When I was 16 or 17, some friens and I used to buy old cars from the junkyard to drive it to pieces in the woods. Most cars did not last very long, as we tortured them with smashing them trough rough terrain, rolling over many times and held races through soft sands. Until we got an Opel Kadett. It gave us rally pleasure for weeks and weeks. Until one day, the orange oil pressure light went on.
Efter the war, Opel production facilities frae Rüsselsheim (caurs) an Brandenburg an der Havel (trucks) wur cratit up an transportit tae the Soviet Union as pairt o a lairger reparations package agreed upon bi the victorious pouers. Frae 1948 the prewar Kadett wis manufactured as the Moskvitch 400/420: it continued tae be produced on the edge o Moscow as a Moskvitch till 1956.
As a German living in Germany, I join in the question “Where did they all go?”. Even in Germany you won`t find many Opel Kadetts “A-D”, the D-Kadett was built until 1984, being regularly driven anymore. Even at classic car shows that my wife and me attend with our cars you are sure to see at least about 30 vintage Porsche 911 or Mercedes SL for every Opel Kadett oder rear-wheel-drive (built until 1980) Ford Escort.
The Kadett C was introduced in Brazil as the Chevrolet Chevette. The three-door station wagon was called the Chevrolet Marajó, and a pick-up was named Chevy 500. Brazilian production commenced in 1973, with the Marajó being added in 1980 and the Chevy 500 in 1983, shortly after a significant facelift affected the entire line. Brazilian cars had engines in various combinations of size - 1.0 (1992-1993), 1.4 (1973-1982), or 1.6 (1982-1995) liters - and fuels (gasoline or ethanol), though not all combinations were available for all body configurations. The last Marajó was built in 1989, the last Chevette in 1993, and the last Chevy 500 in 1995.[27]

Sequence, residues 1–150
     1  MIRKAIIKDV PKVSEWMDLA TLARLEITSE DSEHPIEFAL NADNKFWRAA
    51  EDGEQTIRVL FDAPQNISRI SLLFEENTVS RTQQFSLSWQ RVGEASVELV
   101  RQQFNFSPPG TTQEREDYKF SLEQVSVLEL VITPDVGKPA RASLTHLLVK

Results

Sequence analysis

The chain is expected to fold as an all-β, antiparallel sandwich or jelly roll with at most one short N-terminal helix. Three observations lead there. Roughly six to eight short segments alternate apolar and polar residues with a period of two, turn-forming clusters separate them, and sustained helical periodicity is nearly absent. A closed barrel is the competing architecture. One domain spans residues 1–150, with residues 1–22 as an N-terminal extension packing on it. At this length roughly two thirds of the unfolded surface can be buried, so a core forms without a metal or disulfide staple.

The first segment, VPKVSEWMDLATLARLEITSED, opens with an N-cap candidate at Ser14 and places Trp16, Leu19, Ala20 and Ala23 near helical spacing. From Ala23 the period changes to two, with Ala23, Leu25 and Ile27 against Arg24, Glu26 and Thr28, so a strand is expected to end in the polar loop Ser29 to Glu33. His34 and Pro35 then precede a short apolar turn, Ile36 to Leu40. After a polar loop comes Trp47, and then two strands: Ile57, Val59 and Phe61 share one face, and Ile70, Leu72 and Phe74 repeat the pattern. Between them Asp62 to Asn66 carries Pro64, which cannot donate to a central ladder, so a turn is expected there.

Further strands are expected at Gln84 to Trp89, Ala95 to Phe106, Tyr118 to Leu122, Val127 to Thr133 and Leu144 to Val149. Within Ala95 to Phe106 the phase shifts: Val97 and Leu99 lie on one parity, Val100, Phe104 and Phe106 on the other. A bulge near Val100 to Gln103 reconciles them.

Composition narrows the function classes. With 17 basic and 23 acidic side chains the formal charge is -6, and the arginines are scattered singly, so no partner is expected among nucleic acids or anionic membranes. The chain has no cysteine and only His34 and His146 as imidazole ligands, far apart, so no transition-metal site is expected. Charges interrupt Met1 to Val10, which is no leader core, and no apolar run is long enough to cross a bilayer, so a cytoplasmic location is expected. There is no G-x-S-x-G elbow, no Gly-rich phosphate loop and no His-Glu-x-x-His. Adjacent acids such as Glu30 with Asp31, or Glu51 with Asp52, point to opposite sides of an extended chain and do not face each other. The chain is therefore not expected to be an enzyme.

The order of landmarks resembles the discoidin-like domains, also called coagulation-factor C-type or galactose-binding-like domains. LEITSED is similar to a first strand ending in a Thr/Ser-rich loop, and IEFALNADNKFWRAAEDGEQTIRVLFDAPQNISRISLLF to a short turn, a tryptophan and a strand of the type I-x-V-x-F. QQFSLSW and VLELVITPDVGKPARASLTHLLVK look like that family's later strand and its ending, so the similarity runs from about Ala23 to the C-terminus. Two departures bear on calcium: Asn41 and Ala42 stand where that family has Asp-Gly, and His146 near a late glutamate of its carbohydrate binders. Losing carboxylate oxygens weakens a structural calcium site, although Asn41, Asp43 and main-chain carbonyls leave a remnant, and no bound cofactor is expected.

One resource that did not appear on the books of General Motors or on the rolls of the occupying authorities was most responsible for the recovery of Opel in 1945, the collaborative nature of its workers. They were not itinerant hires who had looked on their work at Rüsselsheim as just another job.[citation needed] They were men and women who had, for the most part, come from that immediate area, many from the country, and had literally grown up with the Adam Opel AG. The fate of Opel was important to its workers, for its collapse would mean the loss of the most important employer for the people of Rüsselsheim, who were finding their way home from the chaos of war.
The GSi's engine mapping had been carried out by Opel tuning specialists Irmscher. A model with the 82 PS (60 kW) 1.4 L multi point fuel injected engine, which was otherwise mechanically identical to the GSi, also became available as the Nova SRi in the United Kingdom. In January 1988, a turbocharged version of the Isuzu diesel engine was introduced, with power increased to 67 PS (49 kW).[8]
×